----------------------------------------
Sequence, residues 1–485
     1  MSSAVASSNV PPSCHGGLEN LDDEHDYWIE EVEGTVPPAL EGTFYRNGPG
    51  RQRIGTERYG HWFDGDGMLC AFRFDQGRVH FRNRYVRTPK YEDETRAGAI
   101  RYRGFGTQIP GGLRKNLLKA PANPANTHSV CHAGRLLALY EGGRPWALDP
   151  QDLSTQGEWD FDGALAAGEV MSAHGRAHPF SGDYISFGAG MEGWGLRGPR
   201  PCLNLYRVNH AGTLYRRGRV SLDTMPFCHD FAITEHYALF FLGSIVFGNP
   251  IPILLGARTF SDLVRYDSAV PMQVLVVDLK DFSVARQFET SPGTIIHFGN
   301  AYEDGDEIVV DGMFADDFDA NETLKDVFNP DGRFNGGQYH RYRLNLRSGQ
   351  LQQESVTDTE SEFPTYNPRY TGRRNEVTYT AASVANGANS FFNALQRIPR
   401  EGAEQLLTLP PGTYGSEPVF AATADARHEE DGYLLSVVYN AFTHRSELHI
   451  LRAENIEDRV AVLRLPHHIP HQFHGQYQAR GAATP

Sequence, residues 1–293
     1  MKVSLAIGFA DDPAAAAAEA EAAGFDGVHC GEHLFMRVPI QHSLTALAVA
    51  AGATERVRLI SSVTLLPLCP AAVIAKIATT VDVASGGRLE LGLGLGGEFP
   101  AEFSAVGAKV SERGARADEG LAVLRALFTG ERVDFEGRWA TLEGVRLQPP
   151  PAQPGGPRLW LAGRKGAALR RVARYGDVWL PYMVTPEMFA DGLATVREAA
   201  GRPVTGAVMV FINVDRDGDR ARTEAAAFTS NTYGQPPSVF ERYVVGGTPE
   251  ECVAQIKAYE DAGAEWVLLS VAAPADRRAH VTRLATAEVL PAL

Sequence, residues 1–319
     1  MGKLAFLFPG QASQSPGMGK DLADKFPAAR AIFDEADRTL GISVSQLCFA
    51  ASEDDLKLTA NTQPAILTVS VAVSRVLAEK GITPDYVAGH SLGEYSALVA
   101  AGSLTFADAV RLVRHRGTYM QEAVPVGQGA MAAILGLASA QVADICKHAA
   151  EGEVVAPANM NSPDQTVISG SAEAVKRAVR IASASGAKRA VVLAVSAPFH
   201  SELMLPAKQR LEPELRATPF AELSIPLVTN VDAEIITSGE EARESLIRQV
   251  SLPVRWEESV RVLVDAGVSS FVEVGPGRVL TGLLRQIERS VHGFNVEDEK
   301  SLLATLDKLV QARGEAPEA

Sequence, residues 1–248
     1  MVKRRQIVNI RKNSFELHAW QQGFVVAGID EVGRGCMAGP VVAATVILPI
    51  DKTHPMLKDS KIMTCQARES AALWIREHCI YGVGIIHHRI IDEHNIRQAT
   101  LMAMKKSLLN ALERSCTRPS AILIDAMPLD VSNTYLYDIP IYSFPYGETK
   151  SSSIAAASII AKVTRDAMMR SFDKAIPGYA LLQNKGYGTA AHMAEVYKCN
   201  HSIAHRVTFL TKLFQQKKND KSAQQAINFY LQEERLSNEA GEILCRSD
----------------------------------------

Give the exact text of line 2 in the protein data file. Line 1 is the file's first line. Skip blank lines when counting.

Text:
     1  MSSAVASSNV PPSCHGGLEN LDDEHDYWIE EVEGTVPPAL EGTFYRNGPG